by Sarah Coolican, Research Associate, LSE IDEAS
The type of conflicts the world has been witnessing since the fall of the Soviet Union, is different in nature to the European wars of the 19th and 20th centuries. These conflicts now have a very different basis; the actors are no longer regular forces but networks of state and non-state actors, the goals are about identity and affiliation rather than empires, and identity is constructed during the processes of war, as opposed to a cause for war. These types of wars have very different tactics, and their logic leads to the persistence of conflict as both sides are interested in the enterprise of war itself. The conflicts that have come to define the modern territories of Ukraine, Kosovo and Transnistria have been as well known for their tactics and aims as they are for their unresolved nature. These conflicts within nation-states have been present since the fall of the Soviet Union, and even the most recent conflict in Ukraine, which began in 2014, is still seven years unresolved. But are these conflicts frozen, stuck in a state of impasse where stagnation seems to infect all aspects of politics and society? Or are they in fact festering conflicts, where the state of play is changing and mutating, as the post-Soviet space oscillates between the status-quo of the EU and a revisionist Russia?
Much is spoken about Russia’s role in these conflicts, in terms of Russia’s broader interests in Europe and key geopolitical aims. However, there is another, much neglected, aspect that has played a significant role in the mutation of these conflicts – the effects of civil society. The conflicts in these territories have been designed to preserve instability – an aim of revisionist powers – with the added effect of restraining civil society. What has occurred, however, is the opposite; a consolidation of a population around a civic identity, that seeks to unite and stand strong in the face of aggressors.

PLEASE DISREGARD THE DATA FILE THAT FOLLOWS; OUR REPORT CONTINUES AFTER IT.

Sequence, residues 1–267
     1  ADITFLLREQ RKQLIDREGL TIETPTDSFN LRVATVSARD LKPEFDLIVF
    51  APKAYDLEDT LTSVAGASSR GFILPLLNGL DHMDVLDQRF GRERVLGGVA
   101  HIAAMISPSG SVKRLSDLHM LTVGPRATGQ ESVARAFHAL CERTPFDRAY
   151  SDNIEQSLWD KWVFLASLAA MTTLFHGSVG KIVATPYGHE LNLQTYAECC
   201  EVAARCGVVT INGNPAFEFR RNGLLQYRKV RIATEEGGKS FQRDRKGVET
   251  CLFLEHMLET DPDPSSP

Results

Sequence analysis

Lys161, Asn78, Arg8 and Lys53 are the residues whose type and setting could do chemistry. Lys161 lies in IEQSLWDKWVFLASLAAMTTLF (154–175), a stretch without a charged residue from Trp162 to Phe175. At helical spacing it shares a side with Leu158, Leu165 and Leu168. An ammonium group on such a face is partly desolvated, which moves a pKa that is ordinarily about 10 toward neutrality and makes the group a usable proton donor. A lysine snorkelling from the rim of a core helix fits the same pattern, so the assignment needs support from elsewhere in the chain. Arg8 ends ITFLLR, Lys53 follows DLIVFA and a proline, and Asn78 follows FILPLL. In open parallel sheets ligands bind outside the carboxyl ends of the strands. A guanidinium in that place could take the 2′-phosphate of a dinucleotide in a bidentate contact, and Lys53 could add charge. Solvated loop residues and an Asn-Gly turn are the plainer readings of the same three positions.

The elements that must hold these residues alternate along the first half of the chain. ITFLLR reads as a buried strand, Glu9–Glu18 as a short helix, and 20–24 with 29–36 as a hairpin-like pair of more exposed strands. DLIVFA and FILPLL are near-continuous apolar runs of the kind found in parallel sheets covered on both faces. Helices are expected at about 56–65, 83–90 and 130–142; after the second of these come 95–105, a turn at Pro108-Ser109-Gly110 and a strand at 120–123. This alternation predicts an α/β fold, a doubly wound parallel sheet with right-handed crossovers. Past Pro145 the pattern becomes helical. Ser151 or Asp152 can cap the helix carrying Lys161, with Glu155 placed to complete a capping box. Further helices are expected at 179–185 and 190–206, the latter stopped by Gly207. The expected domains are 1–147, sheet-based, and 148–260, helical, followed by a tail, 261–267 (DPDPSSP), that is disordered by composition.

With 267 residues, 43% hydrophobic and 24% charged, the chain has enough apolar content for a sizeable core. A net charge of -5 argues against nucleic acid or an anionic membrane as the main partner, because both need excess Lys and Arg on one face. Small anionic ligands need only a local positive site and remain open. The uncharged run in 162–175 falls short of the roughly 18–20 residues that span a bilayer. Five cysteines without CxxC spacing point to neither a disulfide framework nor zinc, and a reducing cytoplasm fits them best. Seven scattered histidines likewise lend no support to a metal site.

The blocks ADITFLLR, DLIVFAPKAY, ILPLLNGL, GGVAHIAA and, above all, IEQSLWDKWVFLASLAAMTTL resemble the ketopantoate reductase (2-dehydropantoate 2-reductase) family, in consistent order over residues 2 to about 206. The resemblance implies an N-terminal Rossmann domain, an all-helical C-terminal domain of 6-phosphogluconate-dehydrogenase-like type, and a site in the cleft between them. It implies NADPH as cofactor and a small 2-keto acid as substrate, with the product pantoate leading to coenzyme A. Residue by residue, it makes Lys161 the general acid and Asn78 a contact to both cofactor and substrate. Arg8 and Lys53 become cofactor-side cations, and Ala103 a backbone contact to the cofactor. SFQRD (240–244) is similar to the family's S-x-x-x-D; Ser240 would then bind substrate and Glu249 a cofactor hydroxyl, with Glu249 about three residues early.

Ukraine: failures of the state and resolve of the public
Seven years after Russia annexed Crimea and sent troops into Eastern Ukraine, and six years after the Minsk Protocol agreement, the Donbas is still in a stalemate. Former President Poroshenko ultimately met his political demise in 2019, heavily influenced by his failure to thaw the conflict in the East and his complacency in allowing political and economic reforms to stagnate. Political crises after crises, saw an acceleration of the erosion of public faith in the state. Upon President Zelensky’s election in 2019, civil society in Ukraine has grown, and now all these years on, Ukrainian resolve has resulted in a unified population, resulting in the ever-festering conflict changing in shape, style and longevity.